Vote: is it ok to post student essays?

OMG. I just found a folder with a whole bunch of things I saved from the early 90s, when I was a new Assistant Professor teaching Evolution.

I had forgotten I was a “CHILD OF SATIN!”

This, I’m sure, explains a great deal for some of you.

I am trying to remember how I got this–I think it was under my windshield when my car was vandalized (silly me–I had a Darwin Fish on it.)

Anyway, I have all these amazing bluebook essays and comments from my teaching evaluations where students discuss creationism and evolution. I would love to share them, to give people a flavor of the sorts of things I run into when teaching evolution.  These are old enough that they probably can’t be identified to any individual (and the evaluations are anonymous anyway.)

Should I scan and post them?

18 thoughts on “Vote: is it ok to post student essays?

  1. The ethicist in me says no, but the humor lover says YES YES YES!

    I guess the more important question is whether posting the essays here would have any negative professional consequences for you. I would not want to see that happen, however funny the material may be. That’s probably something that you have a better sense about than any of us do.

  2. Honestly, the majority of them are more sad and cause for head-scratching than funny. Although I am really enjoying my role as evil SATINIST.
    (Except I keep sliding off stuff. Slippery!)

  3. I wouldn’t say don’t post them, because I wouldn’t think there’s a problem, but it might be worth checking with the University to see if they have any kind of policy on it first. But failing any problems there, I’d say go for it!

  4. For people like me, living in regions where this sort of thing is seldom, if ever a problem, it’s too easy to forget that there are others out there who aren’t so lucky, and have to deal with crap like this more frequently.

    Not only that, but I’m a computer guy. I deal with 1s and 0s. Switching theory generally has very little ambiguity. It’s either on, or its off. So a religious fundamentalist hardly ever butts into my field to demand that the theory of the mysterious blue smoke be given equal time. Unlike the various fields in biology, who have to waste time defending evolution a few dozen times a semester.

    So if you’re looking for another tick in the “pro” column, there’s that.

  5. I think that threats – if this is what this is (“Take this”? Um, take what? The note? Appropriately circular for a creationist) – certainly could as publishable items.

  6. What exactly is a child of satin? Were both of your parents pure satin or are you part synthetic?

  7. I agree that typing them out would be better and think that as long as posting them doesn’t violate some university policy you may have agreed to long ago, it’s not wrong. It could even be illuminating! In a sad, depressing way.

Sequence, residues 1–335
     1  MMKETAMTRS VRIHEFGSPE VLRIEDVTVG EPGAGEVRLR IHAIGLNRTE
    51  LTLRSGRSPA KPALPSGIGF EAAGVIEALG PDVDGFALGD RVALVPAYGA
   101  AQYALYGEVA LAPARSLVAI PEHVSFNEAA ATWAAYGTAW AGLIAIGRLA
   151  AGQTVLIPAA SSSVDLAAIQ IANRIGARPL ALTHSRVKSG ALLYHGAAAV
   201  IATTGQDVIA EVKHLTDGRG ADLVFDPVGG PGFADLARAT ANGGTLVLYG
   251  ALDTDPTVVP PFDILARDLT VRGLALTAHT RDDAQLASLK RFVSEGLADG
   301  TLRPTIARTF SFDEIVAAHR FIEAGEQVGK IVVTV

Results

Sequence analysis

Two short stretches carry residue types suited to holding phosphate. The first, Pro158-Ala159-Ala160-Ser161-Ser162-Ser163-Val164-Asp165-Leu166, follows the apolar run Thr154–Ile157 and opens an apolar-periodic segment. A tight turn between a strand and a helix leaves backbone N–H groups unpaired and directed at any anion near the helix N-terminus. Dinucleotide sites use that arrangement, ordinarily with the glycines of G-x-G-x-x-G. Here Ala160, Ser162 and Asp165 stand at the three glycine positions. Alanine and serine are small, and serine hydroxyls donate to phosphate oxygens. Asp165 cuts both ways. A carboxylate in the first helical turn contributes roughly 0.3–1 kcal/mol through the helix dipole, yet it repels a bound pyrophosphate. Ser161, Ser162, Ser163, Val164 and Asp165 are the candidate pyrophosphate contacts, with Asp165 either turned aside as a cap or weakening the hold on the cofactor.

8. Good question! What if it wasn’t sad and stupid but a brilliant essay (happens, luckily, too). Is there enough originality in it to warrant copyright? If so, as funny as it sounds, the silly ones probably enjoy the same protection.

  9. 1. HAD to comment re: child of satin ’cause that is a RIOT! And how, precisely, would they know?
    2. I agree with the suggestion re: asking the university their policy, tho’ I am a raging rule-follower (Child of Germans). =) Still, I think it’s a very sound suggestion.

  10. If someone sticks it under your windscreen wiper it is yours. If they hand it in for class, then it is theirs (unless they plagiarized it). Maybe the school can claim some rights, but I don’t see how you can claim you now own their creations and are free to publish them. Only outs I can see are trash – if giving them to you was equivalent to throwing them away – or the limit of the copyright laws (although I’d go for the pre-Disney term, not the new subversion of the Constitution).

  11. I’d say the evaluations are fair game: although they are written by the students, they are really for your use. Presumably, that use is improving your teaching skills, but if students feel the need to rail against evolution while evaluating you, then the evaluation isn’t useful for that purpose, anyway. I don’t see any reason not to post them.

    Essays and test answers are a different story. As much as I’d love to see some of them, they are in fact your students’ work. Even though it would remain anonymous, I’m having trouble convincing myself that you have the right to post their work. I know that I would be uneasy with posting my own students’ work online without permission.

  12. Child of Satin, this debate might never end. These letters were written without meaning to send them to the whole internet. The truth is, I can’t say what you should do.

    But even though someone might recognize the hand writing, I don’t understand why you’re going through a big process. They sent you thoughts that they can’t defend.

    It’s on them. Publish ’em!

  13. Well on one hand, technically it would be a copyright infringement punishable by insanely high prison terms and fines. On the other hand it seems to be in the best interest of the ex-students not to manifest themselves as the authors of these works, so you’re probably safe :-)

    In the event they have turned into litigious creationists they would have no way to prove they actually are the authors, lest resorting to graphology or similar hazardous techniques.

    You already posted this note so you might as well go for it :-)

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